CareOregon, Alliance for Culturally Specific Behavioral Health Providers codesign payment model to improve health outcomes for Oregon’s communities of color
As health plans across the nation work toward creating patient-centered care models, many are grappling with how to adequately compensate providers who work outside the mainstream/traditional, western health care delivery setting. In 2019, CareOregon’s behavioral health team began engaging with Oregon’s Alliance for Culturally Specific Behavioral Health Providers with the aim of developing Alternative Payment Methodologies (APM) that truly reflected the time spent with members to address their wellbeing.
“In our community, we don’t just serve a patient. We serve their entire family,” said Holden Leung, CEO of Asian Health & Services Center and Co-chair of the Alliance for Culturally Specific Behavioral Health Service Providers. “Our providers can spend several hours with a family helping them understand a diagnosis, how it impacts their family member and how they can play a caregiving role. We work mainly with immigrants and refugees, so having providers from those cultures who speak the languages our patients speak, it really opens the flood gates and patients look to us to help address their health in a holistic way. That makes it hard to check a box or report on services the same way that more mainstream providers can.”
For over 12 years, the Alliance for Culturally Specific Behavioral Health Providers, known locally as the Alliance, has worked to bring issues facing providers serving Oregon’s communities of color to the forefront. Nationally, numerous studies have shown that these communities are disproportionately impacted by lack of access to mental and behavioral health supports.
“More than half of people who need mental health care do not receive it, with even higher rates of unmet need for racial and ethnic minority populations: 63% of Black adults, 65% of Hispanic and Latino adults, 80% of Asian and Pacific Islander adults do not receive care when needed.” – 2022 Senate Finance Committee Report on Mental Health Care in the United States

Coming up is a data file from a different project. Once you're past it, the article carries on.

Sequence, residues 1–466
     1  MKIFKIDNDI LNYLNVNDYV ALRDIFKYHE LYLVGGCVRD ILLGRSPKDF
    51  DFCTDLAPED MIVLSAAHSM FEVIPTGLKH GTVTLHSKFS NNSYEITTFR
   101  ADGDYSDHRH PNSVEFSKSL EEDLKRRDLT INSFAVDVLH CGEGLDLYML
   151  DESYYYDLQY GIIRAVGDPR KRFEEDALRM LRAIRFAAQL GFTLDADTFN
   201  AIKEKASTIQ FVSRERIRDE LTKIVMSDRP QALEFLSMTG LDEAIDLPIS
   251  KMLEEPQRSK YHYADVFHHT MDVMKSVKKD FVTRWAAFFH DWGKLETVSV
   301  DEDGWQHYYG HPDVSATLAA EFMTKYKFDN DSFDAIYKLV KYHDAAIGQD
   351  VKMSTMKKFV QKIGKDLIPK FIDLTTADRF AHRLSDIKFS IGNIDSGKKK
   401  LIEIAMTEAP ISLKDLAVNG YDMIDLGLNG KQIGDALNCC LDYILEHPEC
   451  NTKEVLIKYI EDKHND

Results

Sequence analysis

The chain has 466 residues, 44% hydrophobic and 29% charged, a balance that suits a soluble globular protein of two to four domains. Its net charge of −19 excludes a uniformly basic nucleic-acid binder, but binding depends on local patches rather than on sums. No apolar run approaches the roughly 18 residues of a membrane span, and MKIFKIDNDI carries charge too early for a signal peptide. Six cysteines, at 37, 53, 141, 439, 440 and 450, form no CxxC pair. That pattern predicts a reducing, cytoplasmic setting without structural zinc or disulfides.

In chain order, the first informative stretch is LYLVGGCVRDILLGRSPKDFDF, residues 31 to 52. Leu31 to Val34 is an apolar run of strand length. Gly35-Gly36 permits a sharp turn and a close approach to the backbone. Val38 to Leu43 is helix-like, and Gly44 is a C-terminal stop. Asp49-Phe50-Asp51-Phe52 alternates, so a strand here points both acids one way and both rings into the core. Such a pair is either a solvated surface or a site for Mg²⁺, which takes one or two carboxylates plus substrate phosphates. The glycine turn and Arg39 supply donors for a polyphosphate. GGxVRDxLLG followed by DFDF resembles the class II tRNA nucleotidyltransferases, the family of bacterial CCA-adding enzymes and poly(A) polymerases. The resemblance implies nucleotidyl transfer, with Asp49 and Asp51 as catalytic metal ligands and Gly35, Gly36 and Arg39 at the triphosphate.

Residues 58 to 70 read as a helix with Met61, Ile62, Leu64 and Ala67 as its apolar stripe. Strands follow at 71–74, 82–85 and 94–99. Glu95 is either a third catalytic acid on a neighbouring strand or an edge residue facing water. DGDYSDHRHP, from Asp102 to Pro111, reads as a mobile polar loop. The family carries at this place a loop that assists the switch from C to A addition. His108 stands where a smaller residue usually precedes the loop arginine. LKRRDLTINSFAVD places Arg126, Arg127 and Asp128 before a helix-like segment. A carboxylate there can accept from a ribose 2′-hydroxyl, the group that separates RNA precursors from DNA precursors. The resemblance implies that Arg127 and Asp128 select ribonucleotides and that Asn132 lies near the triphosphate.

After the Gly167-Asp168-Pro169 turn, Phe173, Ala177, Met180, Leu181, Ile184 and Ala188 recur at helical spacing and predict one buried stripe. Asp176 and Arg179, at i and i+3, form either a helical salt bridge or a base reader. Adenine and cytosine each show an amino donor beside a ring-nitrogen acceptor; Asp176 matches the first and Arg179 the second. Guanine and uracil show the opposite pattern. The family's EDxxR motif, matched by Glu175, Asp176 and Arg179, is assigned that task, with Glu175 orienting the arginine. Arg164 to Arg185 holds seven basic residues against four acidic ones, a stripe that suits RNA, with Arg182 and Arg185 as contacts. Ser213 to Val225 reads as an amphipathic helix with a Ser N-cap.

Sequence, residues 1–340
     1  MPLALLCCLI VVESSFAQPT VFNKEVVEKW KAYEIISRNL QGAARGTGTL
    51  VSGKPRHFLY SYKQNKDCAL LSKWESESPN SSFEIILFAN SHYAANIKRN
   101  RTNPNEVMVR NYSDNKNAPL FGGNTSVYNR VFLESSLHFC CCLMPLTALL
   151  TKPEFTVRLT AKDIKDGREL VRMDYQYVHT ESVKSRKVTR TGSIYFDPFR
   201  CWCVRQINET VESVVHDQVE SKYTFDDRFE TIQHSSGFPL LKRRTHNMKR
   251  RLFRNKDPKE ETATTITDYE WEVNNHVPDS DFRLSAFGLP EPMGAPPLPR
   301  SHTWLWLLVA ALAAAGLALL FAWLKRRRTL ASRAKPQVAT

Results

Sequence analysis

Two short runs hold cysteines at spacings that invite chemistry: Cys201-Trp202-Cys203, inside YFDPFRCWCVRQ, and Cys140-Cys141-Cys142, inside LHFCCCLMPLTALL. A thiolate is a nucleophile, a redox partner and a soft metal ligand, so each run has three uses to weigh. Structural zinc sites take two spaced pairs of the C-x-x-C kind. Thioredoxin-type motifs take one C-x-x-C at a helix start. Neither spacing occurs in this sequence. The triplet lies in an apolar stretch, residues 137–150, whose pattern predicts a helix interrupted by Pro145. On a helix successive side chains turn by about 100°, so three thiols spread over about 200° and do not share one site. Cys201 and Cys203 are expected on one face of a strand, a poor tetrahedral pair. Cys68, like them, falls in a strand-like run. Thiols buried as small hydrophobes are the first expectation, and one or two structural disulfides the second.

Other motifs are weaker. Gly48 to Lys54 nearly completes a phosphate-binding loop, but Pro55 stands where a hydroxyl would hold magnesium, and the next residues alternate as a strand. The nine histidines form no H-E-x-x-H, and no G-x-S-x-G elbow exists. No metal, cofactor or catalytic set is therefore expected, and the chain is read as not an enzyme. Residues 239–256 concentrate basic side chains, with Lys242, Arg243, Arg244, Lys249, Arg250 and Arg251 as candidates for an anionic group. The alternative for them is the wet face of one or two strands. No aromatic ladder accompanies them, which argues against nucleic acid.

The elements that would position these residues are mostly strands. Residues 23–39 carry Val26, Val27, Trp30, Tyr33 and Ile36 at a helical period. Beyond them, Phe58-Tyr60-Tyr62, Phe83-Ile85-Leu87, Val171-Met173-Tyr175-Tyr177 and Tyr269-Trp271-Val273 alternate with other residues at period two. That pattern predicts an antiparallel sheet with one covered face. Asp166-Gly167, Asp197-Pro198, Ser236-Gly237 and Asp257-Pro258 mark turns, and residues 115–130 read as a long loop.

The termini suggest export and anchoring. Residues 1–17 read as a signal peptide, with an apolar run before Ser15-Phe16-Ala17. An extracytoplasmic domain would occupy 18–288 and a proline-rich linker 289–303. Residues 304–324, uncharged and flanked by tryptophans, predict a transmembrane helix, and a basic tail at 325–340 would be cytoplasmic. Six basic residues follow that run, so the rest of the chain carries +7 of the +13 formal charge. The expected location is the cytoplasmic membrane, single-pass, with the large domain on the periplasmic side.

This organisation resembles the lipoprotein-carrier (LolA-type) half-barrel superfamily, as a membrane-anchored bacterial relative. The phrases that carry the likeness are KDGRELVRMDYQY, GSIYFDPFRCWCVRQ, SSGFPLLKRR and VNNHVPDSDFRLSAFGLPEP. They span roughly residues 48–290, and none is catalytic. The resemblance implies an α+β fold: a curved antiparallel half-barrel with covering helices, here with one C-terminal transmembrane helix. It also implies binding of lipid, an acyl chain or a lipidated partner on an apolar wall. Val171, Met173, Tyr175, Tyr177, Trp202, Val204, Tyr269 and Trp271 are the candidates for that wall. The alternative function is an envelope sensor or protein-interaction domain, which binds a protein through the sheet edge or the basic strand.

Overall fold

CareOregon began working with the Alliance in 2019, first by attending their regularly scheduled monthly meetings and later by jointly convening, with the Alliance, a collaborative codesign process to develop a sustainable payment model that reflected the work and value of culturally specific services.
“For CareOregon, this partnership has been a chance to really learn about the work of Alliance providers and how they approach care,” said Lauren Schmidt, CareOregon behavioral health innovation specialist. “And realistically, to show up for a conversation that the Alliance has been taking on for decades. We’re hopeful that addressing payment models will help support culturally specific providers so they can continue to serve our communities.”
Over the past two years, the collaboration has hit several milestones, most recently resulting in expanded payments for culturally specific providers that leverages both traditional payment models by increasing rates and Health Related Service dollars to compensate providers for time invested in outreach and engagement activities. These changes will result in an increase of up to 20% in payment to culturally specific providers.
“As a provider, we’ve often been in conversations with health systems where our work has been seen as an add-on,” said Leung. “We’d invest the time in working with these organizations only to find that we’d get smaller contracts or that they’d ‘deal with us’ after they had their larger contracts in place. Working with CareOregon has been truly collaborative. We are at the table together. I know that Alliance members aren’t an afterthought.”
The graphic below shows the approach to increasing supports to culturally specific providers via 2022 contracts. Conversations are ongoing and will continue to hone in on an approach that can best support culturally specific behavioral health providers and the members they serve.